Gaze upon an imposing gorge carved by a National Wild and Scenic River, with great fishing, hiking, and biking options just downstream.
Chesterfield Gorge is a dramatic rock canyon, forming the entrance to an extensive natural recreation area along the Westfield River, a popular spot for catch-and-release fly fishing. Seventy-foot walls—carved by centuries of rushing water from the East Branch of the Westfield River—rise from a landscape situated adjacent to the General Marquis de Lafayette Trail. Across the river, you’ll see stone abutments from a historic bridge that spanned the river around 1762, swept away by floodwaters in 1835.
Hike the half-mile trail along the cliff tops and take in wonderful views of the gorge, the river, and the surrounding forest. The forest nurtures hemlock, ash, and oak, and is home to bears, bobcats, and turkeys.
Trustees Members and children: FREE.
Nonmembers: Adult $2.50, Child (under 12) FREE.
Fees collected by ranger. When ranger is not on duty, honor system applies.
Chesterfield, MA 01012
From the intersection of Ireland St. and Route 143 in Chesterfield follow the detour signs west on Route 143 3.9 miles to Worthington Center. Turn left past the post office and general store 0.05 miles and turn left onto Old Post Road. Follow Old Post Road 3.4 miles to the intersection with Ireland St. Turn left onto Ireland St. and go 0.9 miles to a right onto River Road. The Gorge entrance is shortly on the left.
The Gorge may also be accessed from the south via Route 112 from Huntington. Follow Route 112 north to South Worthington. In the center of South Worthington turn left onto Ireland St and follow it 3.9 miles to a right on River Road. The entrance to the Gorge is shortly on the left.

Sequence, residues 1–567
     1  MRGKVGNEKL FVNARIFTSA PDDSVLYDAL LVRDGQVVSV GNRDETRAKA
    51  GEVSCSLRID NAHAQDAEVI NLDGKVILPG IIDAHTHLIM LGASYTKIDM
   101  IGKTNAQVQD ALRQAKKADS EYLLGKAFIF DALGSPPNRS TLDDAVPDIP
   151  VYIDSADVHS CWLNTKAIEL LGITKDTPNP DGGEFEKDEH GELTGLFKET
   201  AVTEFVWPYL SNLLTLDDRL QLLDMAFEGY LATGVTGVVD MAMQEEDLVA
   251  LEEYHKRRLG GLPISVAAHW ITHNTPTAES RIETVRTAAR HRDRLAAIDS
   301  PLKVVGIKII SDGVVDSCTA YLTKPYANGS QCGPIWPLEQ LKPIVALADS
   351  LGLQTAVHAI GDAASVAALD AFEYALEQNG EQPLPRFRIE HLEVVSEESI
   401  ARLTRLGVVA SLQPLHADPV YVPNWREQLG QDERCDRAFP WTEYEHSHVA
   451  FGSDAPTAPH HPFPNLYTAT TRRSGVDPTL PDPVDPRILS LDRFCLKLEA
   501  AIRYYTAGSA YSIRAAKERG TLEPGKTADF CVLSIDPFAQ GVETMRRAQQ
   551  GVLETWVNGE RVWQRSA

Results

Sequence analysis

We recommend that you take a photo of the map on your phone so you can refer to it during your visit, or download a trail map before you head out.
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Stone abutments of a c.1762 bridge that spanned the river are all that remain of a key link in the former post road between Boston and Albany, NY. Stagecoaches used the bridge and a toll gate was established at its eastern end. During the Revolutionary War, redcoats marched over this bridge toward Boston following their defeat at Saratoga, NY. In 1835, floodwaters swept away the bridge along with nearby gristmills and sawmills.
Property Acquisition History
Original acreage acquired in 1929. Additional land purchased in 1949 with funds given by Sidney L. Beals and Mrs. Stanley King. Additional land given by the Pioneer Valley Association in 1950; Quinnehtuk Co. in 1955; and Stanley and Mildred Greimann in 1994.
This place is such a nice place to visit. Nice hiking or biking trails along the river. Places to sit and picnic along the rocks on the edge of the river. The actual gorge section is amazing,
– Shad and Tabby S, Trip Advisor
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